The day came today! Senator Danny Martiny filed SB155 which if passed will allow all Louisiana adoptee's to obtain their OBC. We need  support in the form of letter's from birthmother's and adoptee's supporting the bill. The letters will be given to the committee when we go before them. If
you need any assistance on what to put, contact me or Kenny Tucker and we will be happy to assist you in writing it. We want them to know that birthmothers were not promised confidentality from the children they surrended, only from the general public. Keep your letters short and to the point. Adoptee's, let them know how being adopted has affected your life. We need numbers! Now is
the time to become strong in numbers. Send your letters to the address below.
You can also read the proposed bill at:
http://www.legis. us/billdata/
streamdocument. asp?did=741855

Thank you to everyone for your support.
Brenda Frisard
315 S. David St
Gramercy, LA 70052


  1. Also important to know from

    "In Kansas, Louisiana, Rhode Island, Texas, and Wyoming, an adoption decree terminates the right of the birth parent to inherit from the adopted child, but the adopted child may still inherit from the birth parent."

  2. That looks like a clean access bill. Cool!

  3. Also important to know from

    "In Kansas, Louisiana, Rhode Island, Texas, and Wyoming, an adoption decree terminates the right of the birth parent to inherit from the adopted child, but the adopted child may still inherit from the birth parent."


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Indian Country is under attack. Native tribes and people are fighting hard for justice. There is need for legal assistance across Indian Country, and NARF is doing as much as we can. With your help, we have fought for 48 years and we continue to fight.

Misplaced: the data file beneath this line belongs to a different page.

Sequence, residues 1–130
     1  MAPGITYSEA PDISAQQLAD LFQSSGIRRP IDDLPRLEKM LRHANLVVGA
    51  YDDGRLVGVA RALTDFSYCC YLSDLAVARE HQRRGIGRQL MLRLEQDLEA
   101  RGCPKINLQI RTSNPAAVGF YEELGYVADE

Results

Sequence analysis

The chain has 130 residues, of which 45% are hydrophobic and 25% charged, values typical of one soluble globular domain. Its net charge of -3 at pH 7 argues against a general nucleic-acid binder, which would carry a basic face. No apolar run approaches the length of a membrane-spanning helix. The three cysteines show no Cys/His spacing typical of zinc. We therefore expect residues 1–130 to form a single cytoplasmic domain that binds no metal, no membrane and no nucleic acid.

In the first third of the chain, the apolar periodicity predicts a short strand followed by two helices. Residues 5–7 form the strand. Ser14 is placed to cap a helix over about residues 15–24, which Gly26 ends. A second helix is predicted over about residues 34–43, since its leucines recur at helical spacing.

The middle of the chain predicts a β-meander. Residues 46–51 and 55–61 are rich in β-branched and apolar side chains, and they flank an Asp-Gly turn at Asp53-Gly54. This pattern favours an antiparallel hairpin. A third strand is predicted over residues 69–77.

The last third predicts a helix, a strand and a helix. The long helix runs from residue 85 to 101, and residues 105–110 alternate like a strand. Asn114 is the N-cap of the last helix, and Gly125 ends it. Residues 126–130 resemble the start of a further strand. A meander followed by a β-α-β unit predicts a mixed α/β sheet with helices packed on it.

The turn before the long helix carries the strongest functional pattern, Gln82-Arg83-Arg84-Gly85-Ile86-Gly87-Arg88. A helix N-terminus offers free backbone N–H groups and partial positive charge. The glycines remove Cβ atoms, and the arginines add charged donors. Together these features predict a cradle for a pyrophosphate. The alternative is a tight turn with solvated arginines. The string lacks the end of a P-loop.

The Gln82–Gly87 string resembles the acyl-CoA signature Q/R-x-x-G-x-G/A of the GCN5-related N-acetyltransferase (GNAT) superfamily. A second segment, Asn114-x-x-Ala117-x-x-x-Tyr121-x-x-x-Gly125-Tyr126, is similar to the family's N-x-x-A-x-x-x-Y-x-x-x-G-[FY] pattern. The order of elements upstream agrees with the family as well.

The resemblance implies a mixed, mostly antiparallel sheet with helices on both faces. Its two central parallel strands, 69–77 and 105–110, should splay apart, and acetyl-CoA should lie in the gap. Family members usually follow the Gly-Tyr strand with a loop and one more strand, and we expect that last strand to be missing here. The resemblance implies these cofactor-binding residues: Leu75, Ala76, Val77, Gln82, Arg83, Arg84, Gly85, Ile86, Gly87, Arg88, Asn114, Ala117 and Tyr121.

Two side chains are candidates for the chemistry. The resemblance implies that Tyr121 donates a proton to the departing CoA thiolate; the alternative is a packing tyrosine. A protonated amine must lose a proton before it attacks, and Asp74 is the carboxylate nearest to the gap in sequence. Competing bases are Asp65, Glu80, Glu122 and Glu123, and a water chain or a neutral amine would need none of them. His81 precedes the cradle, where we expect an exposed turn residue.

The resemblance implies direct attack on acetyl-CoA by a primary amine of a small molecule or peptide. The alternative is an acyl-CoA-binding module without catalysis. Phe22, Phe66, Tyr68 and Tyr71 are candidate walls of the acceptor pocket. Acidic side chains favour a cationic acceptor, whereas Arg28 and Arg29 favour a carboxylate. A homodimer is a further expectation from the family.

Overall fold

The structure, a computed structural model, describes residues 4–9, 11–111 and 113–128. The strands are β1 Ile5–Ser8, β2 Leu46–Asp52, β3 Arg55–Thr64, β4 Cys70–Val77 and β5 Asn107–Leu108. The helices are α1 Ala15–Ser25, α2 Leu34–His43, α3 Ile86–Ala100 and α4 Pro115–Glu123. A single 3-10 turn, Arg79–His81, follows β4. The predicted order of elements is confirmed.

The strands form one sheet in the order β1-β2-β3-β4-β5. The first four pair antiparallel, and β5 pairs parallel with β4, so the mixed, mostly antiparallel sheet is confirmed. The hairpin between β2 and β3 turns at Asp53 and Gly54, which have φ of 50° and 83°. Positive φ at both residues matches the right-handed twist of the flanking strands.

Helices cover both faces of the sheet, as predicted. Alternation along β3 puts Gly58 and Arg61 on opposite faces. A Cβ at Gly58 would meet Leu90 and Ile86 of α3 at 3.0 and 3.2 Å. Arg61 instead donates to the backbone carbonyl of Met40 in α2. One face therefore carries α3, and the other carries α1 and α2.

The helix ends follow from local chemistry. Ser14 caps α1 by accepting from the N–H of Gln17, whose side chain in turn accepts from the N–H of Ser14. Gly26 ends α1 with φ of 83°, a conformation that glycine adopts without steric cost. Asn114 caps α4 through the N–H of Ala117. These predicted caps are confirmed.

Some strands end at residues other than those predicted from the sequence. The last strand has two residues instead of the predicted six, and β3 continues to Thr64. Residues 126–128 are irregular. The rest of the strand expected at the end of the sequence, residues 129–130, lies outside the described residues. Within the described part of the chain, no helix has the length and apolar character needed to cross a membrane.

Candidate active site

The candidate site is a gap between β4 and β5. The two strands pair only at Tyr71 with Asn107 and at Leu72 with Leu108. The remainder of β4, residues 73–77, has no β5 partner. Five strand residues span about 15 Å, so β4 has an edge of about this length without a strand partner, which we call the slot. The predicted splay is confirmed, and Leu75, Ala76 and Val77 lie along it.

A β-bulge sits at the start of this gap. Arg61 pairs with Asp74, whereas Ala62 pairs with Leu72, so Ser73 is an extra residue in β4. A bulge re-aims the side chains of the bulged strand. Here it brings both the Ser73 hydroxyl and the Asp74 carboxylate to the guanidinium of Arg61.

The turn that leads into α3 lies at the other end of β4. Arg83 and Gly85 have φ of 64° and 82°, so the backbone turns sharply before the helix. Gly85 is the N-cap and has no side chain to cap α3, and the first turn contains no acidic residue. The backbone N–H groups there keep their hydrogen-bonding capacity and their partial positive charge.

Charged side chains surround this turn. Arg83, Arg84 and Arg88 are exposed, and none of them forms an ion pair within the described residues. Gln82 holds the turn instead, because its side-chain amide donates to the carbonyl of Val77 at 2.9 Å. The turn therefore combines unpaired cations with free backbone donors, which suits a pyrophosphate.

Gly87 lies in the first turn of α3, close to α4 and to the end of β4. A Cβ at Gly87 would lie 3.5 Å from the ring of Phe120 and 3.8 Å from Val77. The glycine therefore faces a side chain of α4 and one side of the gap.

It is hard to understand the extent of the attacks on Indian Country. We are sending a short series of emails this month with a few examples of attacks that are happening across Indian Country and how we are standing firm for justice.

Today, we look at recent effort to undo laws put in place to protect Native American children and families. All children deserve to be raised by loving families and communities. In the 1970s, Congress realized that state agencies and courts were disproportionately removing American Indian and Alaska Native children from their families. Often these devastating removals were due to an inability or unwillingness to understand Native cultures, where family is defined broadly and raising children is a shared responsibility. To stop these destructive practices, Congress passed the Indian Child Welfare Act (ICWA).

After forty years, ICWA has proven to be largely successful and many states have passed their own ICWAs. This success, however, is now being challenged by large, well-financed opponents who are actively and aggressively seeking to undermine ICWA’s protections for Native children. We are seeing lawsuits across the United States that challenge ICWA’s protections. NARF is working with partners to defend the rights of Native children and families.

Indian Country is under attack. We need you. Please join the ranks of Modern Day Warriors. Please donate today to help Native people protect their rights.

where were you adopted?

where were you adopted?

To Veronica Brown

Veronica, we adult adoptees are thinking of you today and every day. We will be here when you need us. Your journey in the adopted life has begun, nothing can revoke that now, the damage cannot be undone. Be courageous, you have what no adoptee before you has had; a strong group of adult adoptees who know your story, who are behind you and will always be so.


National Indigenous Survivors of Child Welfare Network (NISCWN)

Membership Application Form

The Network is open to all Indigenous and Foster Care Survivors any time.

The procedure is simple: Just fill out the form HERE.

Source Link: NICWSN Membership


As the single largest unregulated industry in the United States, adoption is viewed as a benevolent action that results in the formation of “forever families.”
The truth is that it is a very lucrative business with a known sales pitch. With profits last estimated at over $1.44 billion dollars a year, mothers who consider adoption for their babies need to be very aware that all of this promotion clouds the facts and only though independent research can they get an accurate account of what life might be like for both them and their child after signing the adoption paperwork.